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Old 03-05-2005, 12:04 AM
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Join Date: Feb 2005
Posts: 281
Default Re: Culture/ Individual Responsibility

"When will it all stop? It will not stop until we act upon one simple axiom: that the power system continues only so long as individuals want it to continue, and it will continue only so long as individuals try to get something for nothing."


Getting something for nothing definitely applies to not thinking for yourself. And that is what we struggle against, in how we often see the sheeple adopting one knee jerk sentiment or another. A sheep may think they have their own opinions but what is taught to us and what is something we figured out? How many people look both ways before they cross the road? Did you find that out the hard way or did you agree to accept that sensible form of mind control?

It's easier to "go along to get along" in society. Rebels are stressed out. If you want an (easy) life you adopt the thoughts of everyone around you, or the easier one to take on.

In that light I looked for some history of the US Marine, Smedley Butler who wrote the book, "War is a Racket". He died in 1940, and is referenced in the original post in this thread. One link below documents in detail some of the non-reaction of the Press when he went public with a coup plot against Roosevelt.

A good intro to Butler: http://www.lewrockwell.com/shaffer/shaffer42.html


An infamous excerpt from General Smedley Butler’s speech to the USMC in 1933 is online at among other places:
http://www.buchanan.org/db00-0324.html



http://home.iprimus.com.au/korob/fdtcards/Butler.html

“Butler is best remembered today for his oft-quoted statement in the socialist newspaper Common Sense in 1935:

I helped make Mexico and especially Tampico safe for American oil interests in 1914. I helped make Haiti and Cuba a decent place for the National City Bank boys to collect revenues in. I helped in the raping of half a dozen Central American republics for the benefit of Wall Street. The record of racketeering is long. I helped purify Nicaragua for the international banking house of Brown Brothers in 1909-12. I brought light to the Dominican Republic for American sugar interests in 1916. I helped make Honduras "right" for American fruit companies in 1903. In China in 1927 I helped see to it that Standard Oil went its way unmolested.... Looking back on it, I felt I might have given Al Capone a few hints. The best he could do was to operate his racket in three city districts. We Marines operated on three continents.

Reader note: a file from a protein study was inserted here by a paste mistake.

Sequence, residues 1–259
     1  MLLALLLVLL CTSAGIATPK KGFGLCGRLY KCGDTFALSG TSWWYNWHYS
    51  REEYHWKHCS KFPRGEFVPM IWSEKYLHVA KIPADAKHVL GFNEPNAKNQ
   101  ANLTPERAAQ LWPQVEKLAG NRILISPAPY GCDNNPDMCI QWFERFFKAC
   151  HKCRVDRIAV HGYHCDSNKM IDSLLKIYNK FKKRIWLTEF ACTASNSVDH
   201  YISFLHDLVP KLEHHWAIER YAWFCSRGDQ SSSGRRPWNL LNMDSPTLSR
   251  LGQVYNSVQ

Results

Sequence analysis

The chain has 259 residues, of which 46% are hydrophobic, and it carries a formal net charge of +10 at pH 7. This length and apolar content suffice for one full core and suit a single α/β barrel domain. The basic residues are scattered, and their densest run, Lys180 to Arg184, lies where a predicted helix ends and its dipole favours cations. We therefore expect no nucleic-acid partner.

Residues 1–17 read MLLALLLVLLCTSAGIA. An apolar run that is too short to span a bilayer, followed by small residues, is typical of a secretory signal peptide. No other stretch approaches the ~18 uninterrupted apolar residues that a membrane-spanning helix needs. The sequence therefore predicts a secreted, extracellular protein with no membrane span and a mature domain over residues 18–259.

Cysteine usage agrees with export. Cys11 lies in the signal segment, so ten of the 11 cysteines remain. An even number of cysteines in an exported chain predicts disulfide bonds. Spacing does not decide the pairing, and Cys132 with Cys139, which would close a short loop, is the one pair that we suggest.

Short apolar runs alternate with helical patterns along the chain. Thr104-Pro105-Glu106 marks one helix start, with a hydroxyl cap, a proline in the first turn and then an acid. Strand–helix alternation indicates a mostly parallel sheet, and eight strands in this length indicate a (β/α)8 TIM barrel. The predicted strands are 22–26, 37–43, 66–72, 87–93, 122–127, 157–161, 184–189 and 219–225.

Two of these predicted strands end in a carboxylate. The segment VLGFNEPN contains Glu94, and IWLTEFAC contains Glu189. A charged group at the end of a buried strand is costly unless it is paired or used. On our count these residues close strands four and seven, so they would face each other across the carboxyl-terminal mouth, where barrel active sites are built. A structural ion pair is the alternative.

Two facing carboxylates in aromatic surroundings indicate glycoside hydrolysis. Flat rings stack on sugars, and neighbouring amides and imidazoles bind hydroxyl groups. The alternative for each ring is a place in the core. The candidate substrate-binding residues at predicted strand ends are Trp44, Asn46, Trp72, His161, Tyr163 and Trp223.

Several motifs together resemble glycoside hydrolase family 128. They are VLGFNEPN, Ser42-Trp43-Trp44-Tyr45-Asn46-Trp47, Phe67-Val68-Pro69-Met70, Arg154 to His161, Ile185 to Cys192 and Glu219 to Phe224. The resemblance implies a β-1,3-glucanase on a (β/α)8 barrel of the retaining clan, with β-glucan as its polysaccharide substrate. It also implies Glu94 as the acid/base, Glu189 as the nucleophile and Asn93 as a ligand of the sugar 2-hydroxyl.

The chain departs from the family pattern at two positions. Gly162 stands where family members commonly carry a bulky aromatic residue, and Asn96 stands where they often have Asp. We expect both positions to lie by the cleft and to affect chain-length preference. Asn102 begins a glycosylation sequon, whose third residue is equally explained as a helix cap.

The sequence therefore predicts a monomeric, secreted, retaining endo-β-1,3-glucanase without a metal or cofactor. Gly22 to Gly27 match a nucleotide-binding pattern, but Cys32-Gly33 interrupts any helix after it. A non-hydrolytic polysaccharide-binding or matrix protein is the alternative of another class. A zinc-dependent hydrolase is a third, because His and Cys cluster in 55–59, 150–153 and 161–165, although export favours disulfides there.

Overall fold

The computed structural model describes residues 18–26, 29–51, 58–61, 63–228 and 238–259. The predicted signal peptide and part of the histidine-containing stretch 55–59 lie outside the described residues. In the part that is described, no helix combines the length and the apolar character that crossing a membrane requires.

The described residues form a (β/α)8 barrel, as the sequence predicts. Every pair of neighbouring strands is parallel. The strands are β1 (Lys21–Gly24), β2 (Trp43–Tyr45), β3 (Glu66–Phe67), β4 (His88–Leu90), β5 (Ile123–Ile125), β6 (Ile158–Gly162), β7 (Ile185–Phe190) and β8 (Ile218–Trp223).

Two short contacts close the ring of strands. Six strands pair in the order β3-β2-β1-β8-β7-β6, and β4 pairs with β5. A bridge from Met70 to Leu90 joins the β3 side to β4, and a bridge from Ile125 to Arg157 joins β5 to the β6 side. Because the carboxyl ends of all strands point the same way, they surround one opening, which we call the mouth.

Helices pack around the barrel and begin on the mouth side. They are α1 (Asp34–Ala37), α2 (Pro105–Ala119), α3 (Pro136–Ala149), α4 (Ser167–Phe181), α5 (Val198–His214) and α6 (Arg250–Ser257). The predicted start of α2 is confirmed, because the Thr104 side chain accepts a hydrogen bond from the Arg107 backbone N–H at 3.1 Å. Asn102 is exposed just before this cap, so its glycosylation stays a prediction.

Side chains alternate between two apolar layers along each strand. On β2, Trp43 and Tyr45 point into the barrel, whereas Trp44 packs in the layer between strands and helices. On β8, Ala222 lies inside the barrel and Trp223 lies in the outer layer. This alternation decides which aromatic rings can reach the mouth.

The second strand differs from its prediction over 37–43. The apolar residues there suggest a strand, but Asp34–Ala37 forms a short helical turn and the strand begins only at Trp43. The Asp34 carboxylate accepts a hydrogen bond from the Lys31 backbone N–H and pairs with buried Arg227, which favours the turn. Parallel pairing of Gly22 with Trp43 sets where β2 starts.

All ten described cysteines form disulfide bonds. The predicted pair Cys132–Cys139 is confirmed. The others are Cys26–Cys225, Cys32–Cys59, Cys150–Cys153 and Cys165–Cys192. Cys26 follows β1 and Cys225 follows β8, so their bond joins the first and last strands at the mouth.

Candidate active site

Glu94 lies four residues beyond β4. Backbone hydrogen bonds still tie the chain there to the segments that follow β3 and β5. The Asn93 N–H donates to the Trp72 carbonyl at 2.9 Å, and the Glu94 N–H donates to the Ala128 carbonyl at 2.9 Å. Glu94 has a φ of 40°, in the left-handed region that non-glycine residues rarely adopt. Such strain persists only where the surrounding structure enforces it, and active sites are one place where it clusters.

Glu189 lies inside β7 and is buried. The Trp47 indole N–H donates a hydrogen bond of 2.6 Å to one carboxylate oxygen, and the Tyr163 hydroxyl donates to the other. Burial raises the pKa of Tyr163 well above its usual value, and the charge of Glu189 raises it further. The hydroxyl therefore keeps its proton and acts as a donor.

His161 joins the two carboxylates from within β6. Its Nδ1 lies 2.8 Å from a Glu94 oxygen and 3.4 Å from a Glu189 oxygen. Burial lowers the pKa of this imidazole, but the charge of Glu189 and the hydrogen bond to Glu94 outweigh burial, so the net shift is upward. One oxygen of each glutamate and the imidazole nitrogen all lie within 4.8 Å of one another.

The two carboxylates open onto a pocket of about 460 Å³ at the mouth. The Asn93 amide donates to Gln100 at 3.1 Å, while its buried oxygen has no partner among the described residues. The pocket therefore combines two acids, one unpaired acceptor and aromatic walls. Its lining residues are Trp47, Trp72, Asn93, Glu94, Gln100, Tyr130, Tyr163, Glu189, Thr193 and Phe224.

In War Is A Racket, (http://www.veteransforpeace.org/war_is_a_racket_033103.htm) Butler argued for a powerful navy, but one prohibited from traveling more than 200 miles from the U.S. coastline. Military aircraft could travel no more than 500 miles from the U.S. coast, and the army would be prohibited from leaving the United States. Butler also proposed that all workers in defense industries, from the lowest laborer to the highest executive, be limited to "$30 a month, the same wage as the lads in the trenches get." He also proposed that a declaration of war should be passed by a plebiscite in which only those subject to conscription would be eligible to vote.

From 1935 through 1937, Butler was a spokesman for the League Against War and Fascism, a Communist-dominated organization of the time. He also participated in the Third U.S. Congress Against War and Fascism, sharing the platform with well-known leftists of the era, including Langston Hughes, Heywood Broun, and Roger Baldwin. When the Spanish Civil War (1936-39) threatened the collapse of the Soviet-supported Spanish government, the League's pacifism evaporated, and they supported intervention. Butler, however, remained true to his belief in non-interventionism: "What the hell is it our business what's going on in Spain?" But before Butler became involved in these causes, he had already exposed a fascist plot against his own government.”
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